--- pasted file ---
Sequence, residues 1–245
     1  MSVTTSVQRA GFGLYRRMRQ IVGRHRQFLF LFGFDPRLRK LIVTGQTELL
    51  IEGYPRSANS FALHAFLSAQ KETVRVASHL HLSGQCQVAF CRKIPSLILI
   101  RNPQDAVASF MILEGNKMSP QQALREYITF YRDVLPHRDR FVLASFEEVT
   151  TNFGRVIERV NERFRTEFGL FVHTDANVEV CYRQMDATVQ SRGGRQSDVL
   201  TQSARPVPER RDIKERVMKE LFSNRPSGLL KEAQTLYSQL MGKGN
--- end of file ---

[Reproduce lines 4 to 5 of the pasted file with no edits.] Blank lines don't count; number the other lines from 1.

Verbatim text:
   101  RNPQDAVASF MILEGNKMSP QQALREYITF YRDVLPHRDR FVLASFEEVT
   151  TNFGRVIERV NERFRTEFGL FVHTDANVEV CYRQMDATVQ SRGGRQSDVL